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DER Software Platform Functionalities Are Converging

Dan Power
Dec 22, 2022

Guidehouse Insights

With distributed energy resources (DER) continuing to proliferate worldwide, advanced software platforms used for managing DER are becoming more prevalent and necessary in grid operations. DER management systems (DERMSs) and virtual power plant (VPP) platforms are two types of DER software platforms used by utilities, grid operators, independent power producers, and DER aggregators. As energy markets become more liberalized across the globe to allow aggregated DER participation, advanced DER software functionalities will be critical to ensuring the aggregations are utilized effectively. At the same time, utilities and grid operators will need increased visibility and control of consumer assets so that their operation doesn’t compromise the reliability or stability of the grid.

DER Aggregation Portfolios Are Increasing in Complexity

VPP platforms and DERMSs are sometimes categorized together but are distinct in how they prioritize optimizations. VPP platforms take more of a customer- and aggregator-focused view, with an emphasis on economics and grid functions that can be addressed over a wide geography. The overarching goal for a VPP platform is usually to maximize revenue for the DER owner. DERMSs take a more grid-physics-based view from the perspective of the utility and grid operator, allowing for localized active power management of distribution feeders and circuits.

Top left: Downward-pointing arrow labeled DERMS, underneath the text "Top-down grid reliability basic on physics." Bottom right: Upward-pointing arrow labeled VPP, above the text "Bottom-up DER economic optimization."

(Source: Guidehouse Insights)

Utilizing DER assets of all types—including flexible loads, energy storage systems, and distributed generation—makes for a more robust aggregation solution when addressing grid needs. However, as DER portfolios grow in both the number and type of resources included, they become more complex for the parties managing their operations and the utilities and grid operators responsible for managing the larger grid. While more open and liberalized electricity markets may allow the value of DER to be realized, the physics of electricity exchanges must also be maintained to ensure continued reliable grid operations. Global energy markets will eventually rely more heavily on DER to provide essential energy and capacity needs as well as finer adjustments related to voltage and reactive power. This is where economic optimization and location-based grid physics optimization must come together.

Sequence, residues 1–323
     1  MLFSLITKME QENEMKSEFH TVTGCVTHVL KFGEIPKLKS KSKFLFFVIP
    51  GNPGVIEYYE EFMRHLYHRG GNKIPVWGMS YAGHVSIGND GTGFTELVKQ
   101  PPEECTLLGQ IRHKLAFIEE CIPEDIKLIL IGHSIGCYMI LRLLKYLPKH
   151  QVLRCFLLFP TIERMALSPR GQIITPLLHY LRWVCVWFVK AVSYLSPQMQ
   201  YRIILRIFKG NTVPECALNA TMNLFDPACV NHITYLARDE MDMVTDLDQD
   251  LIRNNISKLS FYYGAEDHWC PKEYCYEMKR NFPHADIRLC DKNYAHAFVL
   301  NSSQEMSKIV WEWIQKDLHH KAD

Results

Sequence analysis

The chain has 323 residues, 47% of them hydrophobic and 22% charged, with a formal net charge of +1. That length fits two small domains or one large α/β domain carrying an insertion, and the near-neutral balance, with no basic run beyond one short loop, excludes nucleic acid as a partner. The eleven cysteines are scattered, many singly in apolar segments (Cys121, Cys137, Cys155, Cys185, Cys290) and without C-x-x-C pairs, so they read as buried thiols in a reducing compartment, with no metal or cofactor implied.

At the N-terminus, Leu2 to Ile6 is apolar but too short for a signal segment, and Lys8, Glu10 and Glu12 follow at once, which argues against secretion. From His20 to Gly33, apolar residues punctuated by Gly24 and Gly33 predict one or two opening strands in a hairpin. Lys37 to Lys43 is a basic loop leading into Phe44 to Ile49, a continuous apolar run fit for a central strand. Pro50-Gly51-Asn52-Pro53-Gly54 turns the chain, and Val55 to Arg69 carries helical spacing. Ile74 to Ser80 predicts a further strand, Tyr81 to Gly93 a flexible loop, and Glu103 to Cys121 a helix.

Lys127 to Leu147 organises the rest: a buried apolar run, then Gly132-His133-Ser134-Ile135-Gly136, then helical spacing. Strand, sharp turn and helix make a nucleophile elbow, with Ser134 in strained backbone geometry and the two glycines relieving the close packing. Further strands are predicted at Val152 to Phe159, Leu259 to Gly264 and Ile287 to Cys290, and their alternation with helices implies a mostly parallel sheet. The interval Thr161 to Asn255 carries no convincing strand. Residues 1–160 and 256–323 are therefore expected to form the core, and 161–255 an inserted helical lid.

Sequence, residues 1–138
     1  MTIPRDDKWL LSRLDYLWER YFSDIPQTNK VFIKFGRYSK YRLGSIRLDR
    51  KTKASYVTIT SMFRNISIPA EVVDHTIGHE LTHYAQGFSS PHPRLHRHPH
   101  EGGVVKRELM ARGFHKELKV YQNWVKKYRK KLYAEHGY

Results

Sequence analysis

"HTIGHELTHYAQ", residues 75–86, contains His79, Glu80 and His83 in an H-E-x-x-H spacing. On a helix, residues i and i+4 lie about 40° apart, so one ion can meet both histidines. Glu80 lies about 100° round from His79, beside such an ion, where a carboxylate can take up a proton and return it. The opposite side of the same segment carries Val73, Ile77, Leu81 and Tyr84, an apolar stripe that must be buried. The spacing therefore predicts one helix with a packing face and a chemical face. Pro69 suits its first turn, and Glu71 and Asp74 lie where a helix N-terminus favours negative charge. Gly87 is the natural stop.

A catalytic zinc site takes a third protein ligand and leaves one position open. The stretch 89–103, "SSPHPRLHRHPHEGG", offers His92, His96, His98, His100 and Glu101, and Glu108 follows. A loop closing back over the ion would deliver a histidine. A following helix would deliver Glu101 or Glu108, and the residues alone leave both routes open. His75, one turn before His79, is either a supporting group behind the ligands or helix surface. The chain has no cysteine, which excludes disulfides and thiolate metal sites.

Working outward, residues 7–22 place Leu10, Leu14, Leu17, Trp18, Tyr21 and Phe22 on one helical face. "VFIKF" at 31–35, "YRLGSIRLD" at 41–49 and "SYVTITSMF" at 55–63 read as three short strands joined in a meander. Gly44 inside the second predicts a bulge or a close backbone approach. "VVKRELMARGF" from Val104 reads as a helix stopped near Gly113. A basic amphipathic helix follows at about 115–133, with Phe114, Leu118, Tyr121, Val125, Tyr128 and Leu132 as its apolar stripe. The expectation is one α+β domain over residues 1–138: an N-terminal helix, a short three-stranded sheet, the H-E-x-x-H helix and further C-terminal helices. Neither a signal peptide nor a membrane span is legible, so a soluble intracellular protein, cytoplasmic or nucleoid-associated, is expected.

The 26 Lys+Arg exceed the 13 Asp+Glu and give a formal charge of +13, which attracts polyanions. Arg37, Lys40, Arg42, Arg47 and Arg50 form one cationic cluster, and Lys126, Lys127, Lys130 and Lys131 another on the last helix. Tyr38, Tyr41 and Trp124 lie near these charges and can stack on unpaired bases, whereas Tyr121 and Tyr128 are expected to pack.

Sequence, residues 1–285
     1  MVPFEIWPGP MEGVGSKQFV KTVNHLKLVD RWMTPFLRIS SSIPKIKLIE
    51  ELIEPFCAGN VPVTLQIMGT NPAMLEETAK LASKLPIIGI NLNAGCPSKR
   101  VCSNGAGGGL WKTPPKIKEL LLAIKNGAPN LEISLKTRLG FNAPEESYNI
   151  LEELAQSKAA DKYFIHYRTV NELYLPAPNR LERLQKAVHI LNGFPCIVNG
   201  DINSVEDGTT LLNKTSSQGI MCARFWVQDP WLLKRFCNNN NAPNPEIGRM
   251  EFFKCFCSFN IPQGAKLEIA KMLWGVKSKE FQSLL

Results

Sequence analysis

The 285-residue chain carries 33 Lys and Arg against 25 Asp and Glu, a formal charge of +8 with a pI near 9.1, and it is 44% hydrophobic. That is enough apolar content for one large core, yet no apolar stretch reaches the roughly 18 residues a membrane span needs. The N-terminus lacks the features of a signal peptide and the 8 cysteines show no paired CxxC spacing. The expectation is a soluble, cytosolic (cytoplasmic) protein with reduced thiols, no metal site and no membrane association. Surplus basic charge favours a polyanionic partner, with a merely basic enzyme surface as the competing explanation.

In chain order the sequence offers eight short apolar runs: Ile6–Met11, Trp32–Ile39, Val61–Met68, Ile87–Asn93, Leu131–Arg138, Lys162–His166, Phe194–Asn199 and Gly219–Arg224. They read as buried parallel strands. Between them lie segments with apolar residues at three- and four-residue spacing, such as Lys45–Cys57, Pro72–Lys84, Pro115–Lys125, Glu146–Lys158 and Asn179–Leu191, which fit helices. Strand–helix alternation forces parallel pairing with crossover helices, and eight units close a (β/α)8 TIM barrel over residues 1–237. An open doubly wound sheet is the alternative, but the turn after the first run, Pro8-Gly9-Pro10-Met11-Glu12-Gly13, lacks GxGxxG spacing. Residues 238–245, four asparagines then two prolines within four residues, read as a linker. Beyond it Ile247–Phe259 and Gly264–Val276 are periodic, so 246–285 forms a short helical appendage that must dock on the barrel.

Optimizing for Grid Physics and Economics Is Becoming Essential

DER software platform providers that have historically been more market facing and focused on economics are starting to add locational awareness to their platforms, which opens the door to DERMS-like functions. At the same time, platform providers that have been more focused on grid physics have started adding market optimization functions that can facilitate bidding into markets like a VPP platform. Creating a hybrid platform—with market-facing functionalities capable of optimizing economics like a VPP platform, and locational awareness that enables the management of grid physics at specific locations like a DERMS—can facilitate more efficient grid and market operations. As the energy transition continues, more advanced and versatile software platforms will be required to maintain grid stability and reliability while integrating the growing network of DER.